– mark zmarzly @BankMarketing

  5. Mark: Thanks for (finally) commenting. 🙂

    I wrote this to demonstrate how widely divergent the data is regarding how consumers choose banks and decide whether or not to stay with them. Personally, I think that the next firm that publishes a research study showing that “branch locations” is the #1 factor in selecting a bank should have to join Julian Assange in hiding.

    To your points:

    1. Your point about the 22% is right on. But I would take it further. Many of those customers in the 73% group (22% said open to incentive, 5% said looking) aren’t emotionally invested either. Many of them simply don’t care enough about banking, or maybe even managing their finances to care that their bank sucks (if indeed it does).

    2. I imagine that JDP constructed a survey in which “brand” ended being the top factor. This could be because: a) certain factors were not prompted for, and/or b) other factors will split out in ways that the % of respondents citing those factors were smaller than the “brand” factor.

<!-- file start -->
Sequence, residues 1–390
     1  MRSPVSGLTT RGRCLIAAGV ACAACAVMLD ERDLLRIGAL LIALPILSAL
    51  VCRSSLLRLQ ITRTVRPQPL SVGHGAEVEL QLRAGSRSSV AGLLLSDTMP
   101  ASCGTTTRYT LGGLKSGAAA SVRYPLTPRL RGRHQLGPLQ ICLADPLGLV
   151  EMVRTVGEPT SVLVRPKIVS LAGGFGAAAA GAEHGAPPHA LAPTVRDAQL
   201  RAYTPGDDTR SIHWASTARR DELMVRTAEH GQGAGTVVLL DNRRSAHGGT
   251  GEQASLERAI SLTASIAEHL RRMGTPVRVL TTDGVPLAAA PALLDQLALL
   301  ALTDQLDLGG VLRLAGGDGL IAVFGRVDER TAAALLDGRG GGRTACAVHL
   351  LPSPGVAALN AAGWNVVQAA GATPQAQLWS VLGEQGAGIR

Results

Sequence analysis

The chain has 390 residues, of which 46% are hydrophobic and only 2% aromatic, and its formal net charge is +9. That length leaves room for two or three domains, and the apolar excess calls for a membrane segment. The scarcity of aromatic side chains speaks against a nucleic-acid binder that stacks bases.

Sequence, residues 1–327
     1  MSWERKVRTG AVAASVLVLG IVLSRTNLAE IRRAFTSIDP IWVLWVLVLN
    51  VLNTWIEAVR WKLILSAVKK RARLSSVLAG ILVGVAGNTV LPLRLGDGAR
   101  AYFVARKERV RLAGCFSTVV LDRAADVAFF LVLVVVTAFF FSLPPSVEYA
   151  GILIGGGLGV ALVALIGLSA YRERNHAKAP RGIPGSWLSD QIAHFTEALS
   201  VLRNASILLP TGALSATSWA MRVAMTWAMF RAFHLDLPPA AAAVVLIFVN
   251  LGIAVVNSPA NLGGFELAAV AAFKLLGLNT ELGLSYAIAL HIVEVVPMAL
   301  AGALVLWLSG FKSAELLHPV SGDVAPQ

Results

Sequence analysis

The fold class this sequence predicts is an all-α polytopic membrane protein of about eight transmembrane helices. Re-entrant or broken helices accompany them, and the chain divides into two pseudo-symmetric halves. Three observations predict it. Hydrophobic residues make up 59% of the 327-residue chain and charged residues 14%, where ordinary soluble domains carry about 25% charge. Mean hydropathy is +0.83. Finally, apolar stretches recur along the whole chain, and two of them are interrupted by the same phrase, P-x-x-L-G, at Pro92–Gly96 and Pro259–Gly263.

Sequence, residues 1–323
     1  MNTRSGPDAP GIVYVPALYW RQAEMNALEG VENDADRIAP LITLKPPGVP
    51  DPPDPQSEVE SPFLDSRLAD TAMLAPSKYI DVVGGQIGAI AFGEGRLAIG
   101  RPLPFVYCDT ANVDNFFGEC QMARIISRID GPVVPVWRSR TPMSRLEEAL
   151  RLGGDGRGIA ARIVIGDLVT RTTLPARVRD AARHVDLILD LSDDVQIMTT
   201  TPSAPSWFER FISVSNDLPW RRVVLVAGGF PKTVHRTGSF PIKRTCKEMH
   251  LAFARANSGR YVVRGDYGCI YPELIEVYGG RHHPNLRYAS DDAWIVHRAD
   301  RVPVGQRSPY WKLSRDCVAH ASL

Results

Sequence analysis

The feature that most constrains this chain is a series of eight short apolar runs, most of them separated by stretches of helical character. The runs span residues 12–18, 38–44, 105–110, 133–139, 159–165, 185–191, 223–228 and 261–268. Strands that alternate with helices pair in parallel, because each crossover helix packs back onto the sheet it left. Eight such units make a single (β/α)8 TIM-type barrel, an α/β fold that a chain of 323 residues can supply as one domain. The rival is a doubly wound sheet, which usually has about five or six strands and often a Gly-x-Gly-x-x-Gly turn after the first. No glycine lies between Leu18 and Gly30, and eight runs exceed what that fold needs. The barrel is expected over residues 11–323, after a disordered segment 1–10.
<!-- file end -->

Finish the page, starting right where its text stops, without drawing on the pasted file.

3. Agreed.

    4. I’m always skeptical of surveys, as well. Well… OTHER firms’ surveys. Not mine, of course. 🙂 And, as I’m sure you know, Joe is always right.

  6. Maybe the answer is simpler. Whenever I see a survey the first thing I look at is who paid or it. Questions are worded carefully and can support many positions depending on how they are worded. The result is something that is far from statistically relevant.